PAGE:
Does Stress Trigger Serious Illness?
Is stress a key factor in the onset of serious illnesses? Discover the answer in this article!
Stress is the body’s response to the environment’s demands. This response might be more or less intense. For example, a more intense response occurs when a person is overwhelmed by demands and lack the resources to deal with them. In these instances, experts link stress responses to physical diseases such as heart disease, cancer, and autoimmune diseases, among others. Certain studies suggest that there’s a link between stress and some illnesses. However, is it a direct cause?
Hans Selye’s theory of stress
As we mentioned above, stress occurs when a person realizes that the demands of their environment may exceed their resources. Hans Selye is known as the “father of stress research”. He claimed that stress is a bodily response to any exterior demand.
Selye claimed that stress is a global biological response and that there are two types of stress. The first type is adapted to the environment, where the demands of the environment are in harmony with the body’s resources. However, the second type is a more intense and less pleasant response. In fact, it manifests itself as distress.
General adaptation syndrome (GAS)
In his theory, Selye mentioned general adaptation syndrome (GAS). It occurs when stress is intense and prolongs over a period of time. When this happens, the organism has to use all its resources to stay in control.
Selye divided GAS into three phases: alarm, resistance, and exhaustion. During these phases, three physiological axes operate: the neural, neuroendocrine, and endocrine axes. Furthermore, the body’s levels of cortisol, the main stress hormone, increase.
The body needs cortisol to function properly. In fact, the body needs cortisol to complete any task at an optimum level. However, problems occur when the cortisol levels exceed the body’s limits. That’s when the body exhibits the customary stress response. Furthermore, when the stress response is chronic, the cortisol and peripheral activation levels cause certain symptoms. These include muscle weakness, chronic fatigue, infections, migraine, menstrual disorders, and lack of concentration, among others.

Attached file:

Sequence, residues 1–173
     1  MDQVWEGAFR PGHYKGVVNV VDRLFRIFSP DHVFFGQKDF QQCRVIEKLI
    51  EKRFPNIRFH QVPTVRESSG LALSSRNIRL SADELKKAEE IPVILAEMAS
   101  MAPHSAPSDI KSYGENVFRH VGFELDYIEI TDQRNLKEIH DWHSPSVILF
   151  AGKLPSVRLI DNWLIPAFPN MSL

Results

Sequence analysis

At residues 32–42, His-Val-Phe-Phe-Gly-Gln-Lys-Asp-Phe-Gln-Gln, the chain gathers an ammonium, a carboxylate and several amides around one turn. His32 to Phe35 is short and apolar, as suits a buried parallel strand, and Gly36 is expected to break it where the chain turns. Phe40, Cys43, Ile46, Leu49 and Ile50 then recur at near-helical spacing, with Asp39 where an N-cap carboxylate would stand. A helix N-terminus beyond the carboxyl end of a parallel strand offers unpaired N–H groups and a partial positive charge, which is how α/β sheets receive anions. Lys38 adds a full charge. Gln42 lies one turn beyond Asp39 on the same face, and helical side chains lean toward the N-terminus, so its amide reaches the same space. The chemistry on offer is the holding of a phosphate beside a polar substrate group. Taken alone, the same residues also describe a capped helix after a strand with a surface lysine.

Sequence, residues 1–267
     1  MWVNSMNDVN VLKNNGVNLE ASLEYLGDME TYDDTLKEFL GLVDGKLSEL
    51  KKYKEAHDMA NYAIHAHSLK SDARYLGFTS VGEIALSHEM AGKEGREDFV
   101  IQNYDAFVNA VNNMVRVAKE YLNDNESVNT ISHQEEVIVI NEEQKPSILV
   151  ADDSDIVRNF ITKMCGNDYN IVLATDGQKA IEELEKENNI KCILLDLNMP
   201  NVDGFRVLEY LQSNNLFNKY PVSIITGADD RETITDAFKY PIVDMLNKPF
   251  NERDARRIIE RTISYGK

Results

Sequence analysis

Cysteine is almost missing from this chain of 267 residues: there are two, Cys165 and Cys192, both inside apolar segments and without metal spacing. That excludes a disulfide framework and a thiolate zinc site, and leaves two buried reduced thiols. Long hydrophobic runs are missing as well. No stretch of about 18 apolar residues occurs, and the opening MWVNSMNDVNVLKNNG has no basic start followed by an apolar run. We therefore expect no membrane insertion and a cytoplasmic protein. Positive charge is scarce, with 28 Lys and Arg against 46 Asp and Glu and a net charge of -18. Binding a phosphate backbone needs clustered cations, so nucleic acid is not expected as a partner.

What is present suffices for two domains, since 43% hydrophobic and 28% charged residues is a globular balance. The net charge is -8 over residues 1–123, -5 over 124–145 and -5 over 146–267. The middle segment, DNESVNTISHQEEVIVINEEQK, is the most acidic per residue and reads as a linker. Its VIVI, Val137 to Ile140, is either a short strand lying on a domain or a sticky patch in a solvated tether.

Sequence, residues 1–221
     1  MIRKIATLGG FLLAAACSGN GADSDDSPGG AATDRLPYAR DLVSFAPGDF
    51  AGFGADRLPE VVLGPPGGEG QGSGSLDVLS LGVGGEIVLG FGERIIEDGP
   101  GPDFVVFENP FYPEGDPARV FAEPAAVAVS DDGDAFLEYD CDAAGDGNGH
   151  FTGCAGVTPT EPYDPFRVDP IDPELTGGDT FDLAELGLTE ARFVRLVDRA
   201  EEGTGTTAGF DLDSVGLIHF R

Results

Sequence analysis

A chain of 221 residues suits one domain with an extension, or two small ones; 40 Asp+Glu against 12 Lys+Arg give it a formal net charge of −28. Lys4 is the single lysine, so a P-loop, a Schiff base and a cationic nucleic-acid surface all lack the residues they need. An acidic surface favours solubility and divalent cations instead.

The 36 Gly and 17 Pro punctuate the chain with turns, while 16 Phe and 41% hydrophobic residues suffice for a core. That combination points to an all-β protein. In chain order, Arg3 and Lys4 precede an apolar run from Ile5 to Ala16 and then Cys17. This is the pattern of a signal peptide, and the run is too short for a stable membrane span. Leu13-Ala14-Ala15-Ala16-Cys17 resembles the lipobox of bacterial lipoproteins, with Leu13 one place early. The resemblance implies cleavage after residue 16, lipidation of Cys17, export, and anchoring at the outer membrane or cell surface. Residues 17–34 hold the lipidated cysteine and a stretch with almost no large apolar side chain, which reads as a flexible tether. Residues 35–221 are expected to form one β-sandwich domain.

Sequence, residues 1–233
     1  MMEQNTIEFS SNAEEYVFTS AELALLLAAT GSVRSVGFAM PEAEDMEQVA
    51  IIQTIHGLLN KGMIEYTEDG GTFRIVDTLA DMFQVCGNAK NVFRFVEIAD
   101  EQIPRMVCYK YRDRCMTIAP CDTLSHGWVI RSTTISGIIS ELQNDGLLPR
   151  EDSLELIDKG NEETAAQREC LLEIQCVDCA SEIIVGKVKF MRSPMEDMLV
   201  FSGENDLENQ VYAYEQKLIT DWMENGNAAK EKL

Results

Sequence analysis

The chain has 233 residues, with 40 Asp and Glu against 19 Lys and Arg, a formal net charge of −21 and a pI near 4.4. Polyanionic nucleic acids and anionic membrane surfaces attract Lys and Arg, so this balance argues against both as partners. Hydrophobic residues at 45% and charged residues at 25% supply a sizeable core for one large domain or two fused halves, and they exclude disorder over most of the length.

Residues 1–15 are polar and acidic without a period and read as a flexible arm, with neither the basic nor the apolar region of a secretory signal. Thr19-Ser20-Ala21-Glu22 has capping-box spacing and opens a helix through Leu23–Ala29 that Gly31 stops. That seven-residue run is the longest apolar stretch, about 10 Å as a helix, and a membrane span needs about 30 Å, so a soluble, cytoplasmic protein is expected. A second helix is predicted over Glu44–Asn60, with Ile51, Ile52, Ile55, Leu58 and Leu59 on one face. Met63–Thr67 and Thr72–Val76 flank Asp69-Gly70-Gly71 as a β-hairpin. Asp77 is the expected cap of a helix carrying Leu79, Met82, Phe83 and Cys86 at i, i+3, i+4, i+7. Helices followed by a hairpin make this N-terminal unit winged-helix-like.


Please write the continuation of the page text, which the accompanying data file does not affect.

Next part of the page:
Does stress trigger serious illness?
Stress can affect the likelihood of the development of more severe diseases than those we mentioned above. That’s because stress compromises your immune system. Therefore, it becomes more vulnerable to exterior attacks.
Your risk of cardiovascular disease increases if you suffer from chronic stress. In fact, experts associate acute coronary syndrome (ACS) with psychological factors. In addition, stress responses in the form of hostility play an important role in the early stages of this disease.
Studies have proved inconclusive when it comes to autoimmune diseases. However, experts found a link between stress and these particular illnesses. In fact, they discovered that the immune system suffers deregulation after a prolonged period of stress where high levels of cortisol are maintained. This happens in cases of rheumatoid arthritis and the onset of Graves’ disease (hyperthyroidism).
Stress doesn’t seem to influence the onset of cancer. Neither does it increase or decrease survival time or rates. However, it can’t be denied that stress is an effect of a cancer diagnosis. In fact, both the patient and their family suffer from stress at this time. Furthermore, it affects their quality of life.
In conclusion, stress doesn’t necessarily cause the direct onset, development, and maintenance of certain diseases. For this to happen, certain factors must come together. One of these is a chronic high response when cortisol levels remain elevated for a prolonged period of time. This is because cortisol affects the immune system response.